I preached from Jonah, how the renegade prophet’s continual rebellion against God caused him to be numb toward God. But still, God spoke to him and used extraordinary means to arrest his attention: verbal instructions, unbelieving sailors, a great fish, the city-wide revival—even a gourd. Still, the book of Jonah (much like the life of Jonah) is the only book in Scripture to end with a question mark: “Don’t let your life and relationship with God end in a question mark.”

The men at the mission were kind. I heard a few outbursts and unusual noises, or at least not what I was accustomed to hearing, but by and large, they heard the gospel, and several responded. One man, not much older than me, approached me afterwards and said, “I’m Jonah.” For several minutes, he told me about his Christian home, faithfulness to church and youth group, and graduation from a Christian school. “But I’m numb to it all, and I don’t think I’ll ever get back into all that stuff.”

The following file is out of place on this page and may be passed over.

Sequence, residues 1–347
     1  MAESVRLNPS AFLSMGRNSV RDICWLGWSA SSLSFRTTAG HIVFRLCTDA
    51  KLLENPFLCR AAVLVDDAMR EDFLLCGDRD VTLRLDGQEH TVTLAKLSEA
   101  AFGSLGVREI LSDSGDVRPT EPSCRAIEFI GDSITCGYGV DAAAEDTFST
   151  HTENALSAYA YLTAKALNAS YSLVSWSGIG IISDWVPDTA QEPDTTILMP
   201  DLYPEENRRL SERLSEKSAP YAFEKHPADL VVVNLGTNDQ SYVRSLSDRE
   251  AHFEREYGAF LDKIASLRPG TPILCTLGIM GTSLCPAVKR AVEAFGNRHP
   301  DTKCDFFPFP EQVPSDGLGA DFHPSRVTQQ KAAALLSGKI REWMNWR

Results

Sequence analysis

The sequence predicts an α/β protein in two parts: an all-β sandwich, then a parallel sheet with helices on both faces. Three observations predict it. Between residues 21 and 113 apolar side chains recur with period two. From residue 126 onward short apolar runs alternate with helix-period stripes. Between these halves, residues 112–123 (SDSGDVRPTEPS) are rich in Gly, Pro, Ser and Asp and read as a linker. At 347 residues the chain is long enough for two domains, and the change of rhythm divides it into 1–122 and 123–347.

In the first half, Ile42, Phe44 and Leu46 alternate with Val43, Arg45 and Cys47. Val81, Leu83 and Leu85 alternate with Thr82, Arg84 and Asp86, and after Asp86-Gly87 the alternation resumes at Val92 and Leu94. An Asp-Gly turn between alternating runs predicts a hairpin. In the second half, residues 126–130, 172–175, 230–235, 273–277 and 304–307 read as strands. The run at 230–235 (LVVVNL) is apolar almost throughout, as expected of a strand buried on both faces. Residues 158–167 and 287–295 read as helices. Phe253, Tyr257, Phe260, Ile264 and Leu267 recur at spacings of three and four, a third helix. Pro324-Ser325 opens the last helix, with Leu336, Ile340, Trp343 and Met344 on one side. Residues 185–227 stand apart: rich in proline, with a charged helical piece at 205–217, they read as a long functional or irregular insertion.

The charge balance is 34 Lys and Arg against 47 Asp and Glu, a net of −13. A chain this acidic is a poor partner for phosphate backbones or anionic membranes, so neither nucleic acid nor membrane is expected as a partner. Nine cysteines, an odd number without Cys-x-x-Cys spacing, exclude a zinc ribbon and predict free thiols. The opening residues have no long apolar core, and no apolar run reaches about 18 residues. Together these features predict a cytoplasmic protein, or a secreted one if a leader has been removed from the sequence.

I pled and prayed with him a while longer, but he finally told me it was no use. We left the chapel together but went separate ways.

A few men caught me in the courtyard with several friends who had not made it to the service that evening; they asked me to preach again.

“Oh, I’ll definitely be back to preach, if they let me.”

“No. We mean right here. Go ahead. Preach right here.”

The request caught me off guard, but for the next 10 minutes or so, I stumbled through a sermon from Mark 4 on Jesus calming the storm…right there in the courtyard of the Union Mission.

After walking the few blocks to the parking garage, I jumped into my truck exhausted, burdened, yet fulfilled. I do not know another calling that promises those three simultaneous reactions, but preaching sure does. I was emotionally exhausted from the rush of adrenaline. I was burdened for the man who heard the call of God but decided to stay on the ship to Tarshish, but I was also strangely fulfilled. I had done what I knew God had been calling me to do my whole life: preach the Word.